Must-know: Is Wells Fargo's strategy different from other banks?

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Part 3
Must-know: Is Wells Fargo's strategy different from other banks? PART 3 OF 12

Why cross-selling is part of Wells Fargo’s strategy

Part of a bank’s DNA

Wells Fargo’s (WFC) first, and possibly most important, operational strategy is focusing on cross-selling. Dick Kovacevich, former chairman and CEO of Wells Fargo, is often credited with developing the bank’s successful cross-selling strategy.


According to Wells Fargo, cross-selling is “the process of offering customers the products and services they need, when they need them, to help them succeed financially.” For Wells Fargo, cross-selling is a part of the organizational DNA. It’s the most important pillar of its operational strategy.

Why cross-selling is part of Wells Fargo&#8217;s strategy

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The above chart describes the cross-selling process. Wells Fargo always engages with a new customer to determine their financial needs and aspirations. This leads to increased customer intensity. Customers purchase more banking products. Customers’ loyalty increases as they purchase more. Also, many customers become advocates for Wells Fargo. This is great marketing for Wells Fargo.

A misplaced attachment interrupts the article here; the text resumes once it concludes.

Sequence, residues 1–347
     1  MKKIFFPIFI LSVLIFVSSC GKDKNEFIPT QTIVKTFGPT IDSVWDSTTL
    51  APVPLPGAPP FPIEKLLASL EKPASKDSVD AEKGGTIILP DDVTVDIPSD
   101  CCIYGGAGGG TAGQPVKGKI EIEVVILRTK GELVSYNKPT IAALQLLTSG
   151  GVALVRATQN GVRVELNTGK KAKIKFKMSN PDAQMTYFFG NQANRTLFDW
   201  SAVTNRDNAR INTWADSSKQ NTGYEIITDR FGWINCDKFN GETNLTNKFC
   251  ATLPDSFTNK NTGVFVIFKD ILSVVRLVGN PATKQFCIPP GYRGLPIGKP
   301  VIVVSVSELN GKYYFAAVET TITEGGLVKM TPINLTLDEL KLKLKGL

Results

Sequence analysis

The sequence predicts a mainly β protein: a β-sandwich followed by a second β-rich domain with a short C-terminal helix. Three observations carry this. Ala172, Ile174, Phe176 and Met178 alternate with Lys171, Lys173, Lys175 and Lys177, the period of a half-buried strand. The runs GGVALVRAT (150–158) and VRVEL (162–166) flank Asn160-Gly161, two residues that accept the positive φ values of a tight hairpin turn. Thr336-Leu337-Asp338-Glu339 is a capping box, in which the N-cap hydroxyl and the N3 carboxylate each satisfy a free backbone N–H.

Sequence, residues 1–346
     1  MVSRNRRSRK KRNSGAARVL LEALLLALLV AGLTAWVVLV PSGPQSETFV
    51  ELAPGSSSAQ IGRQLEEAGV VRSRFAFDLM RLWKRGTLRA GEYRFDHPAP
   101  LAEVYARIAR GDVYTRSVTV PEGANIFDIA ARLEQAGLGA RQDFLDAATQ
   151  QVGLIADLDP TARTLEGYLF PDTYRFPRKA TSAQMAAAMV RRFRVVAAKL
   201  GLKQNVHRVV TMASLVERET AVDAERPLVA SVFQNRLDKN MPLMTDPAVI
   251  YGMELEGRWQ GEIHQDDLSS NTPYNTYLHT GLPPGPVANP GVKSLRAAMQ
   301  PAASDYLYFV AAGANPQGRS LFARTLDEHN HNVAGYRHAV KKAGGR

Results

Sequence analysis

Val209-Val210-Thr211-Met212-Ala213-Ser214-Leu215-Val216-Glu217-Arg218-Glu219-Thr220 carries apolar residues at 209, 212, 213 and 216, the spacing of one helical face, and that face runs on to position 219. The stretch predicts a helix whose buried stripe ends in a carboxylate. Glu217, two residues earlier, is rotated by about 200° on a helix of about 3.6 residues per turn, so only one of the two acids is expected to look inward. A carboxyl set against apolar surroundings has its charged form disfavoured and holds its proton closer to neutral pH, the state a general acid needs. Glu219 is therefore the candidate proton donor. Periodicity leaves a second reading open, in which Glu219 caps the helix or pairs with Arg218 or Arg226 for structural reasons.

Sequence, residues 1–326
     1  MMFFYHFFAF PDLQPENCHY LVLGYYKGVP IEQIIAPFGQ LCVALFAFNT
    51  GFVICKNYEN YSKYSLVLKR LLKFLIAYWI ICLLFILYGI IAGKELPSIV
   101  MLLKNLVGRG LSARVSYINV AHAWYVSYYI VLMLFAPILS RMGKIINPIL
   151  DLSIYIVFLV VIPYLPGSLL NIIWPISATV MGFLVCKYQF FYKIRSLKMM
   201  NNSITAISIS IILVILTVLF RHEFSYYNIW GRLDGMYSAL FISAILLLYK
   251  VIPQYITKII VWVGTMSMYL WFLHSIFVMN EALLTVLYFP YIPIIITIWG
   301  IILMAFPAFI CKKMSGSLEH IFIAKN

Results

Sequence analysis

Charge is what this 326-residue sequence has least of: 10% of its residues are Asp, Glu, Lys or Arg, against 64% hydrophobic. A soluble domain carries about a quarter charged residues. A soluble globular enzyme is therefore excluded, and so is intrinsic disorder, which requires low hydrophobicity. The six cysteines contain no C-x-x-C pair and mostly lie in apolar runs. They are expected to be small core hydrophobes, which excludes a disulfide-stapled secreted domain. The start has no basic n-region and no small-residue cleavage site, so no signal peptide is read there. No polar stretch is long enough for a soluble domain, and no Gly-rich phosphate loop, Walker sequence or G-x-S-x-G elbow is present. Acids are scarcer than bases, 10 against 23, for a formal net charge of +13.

Why is cross selling important?

Cross selling is important for three main reasons:

  1. It’s cheaper than new customer acquisition: It costs a bank much more to acquire customers than to sell to an existing customer.
  2. It improves customer retention: Cross-selling means a customer gets a number of services from you. This leads to a longer and deeper customer relationship.
  3. It increases revenue per customer: More cross-selling means more revenue from the same customer.

Wells Fargo is the most successful bank at cross-selling

Wells Fargo is the bank that’s most successful at cross-selling. None of its competitors—JP Morgan (JPM), Bank of America (BAC), or Citibank (C)—even come close to it. They’ve tried to copy Wells Fargo, but they haven’t had as much success. Smaller banks—banks that are a part of a diversified exchange-traded fund (or ETF) like the Financial Select Sector SPDR (XLF)—are even less successful.

Wells Fargo wants to strengthen its competitive advantage more. It wants to increase the number of cross-sold products. Wells Fargo has a clear cross-selling advantage over companies that offer just a few financial products. It also has an advantage over companies that only sell through one channel. This is a strong competitive advantage for the bank.

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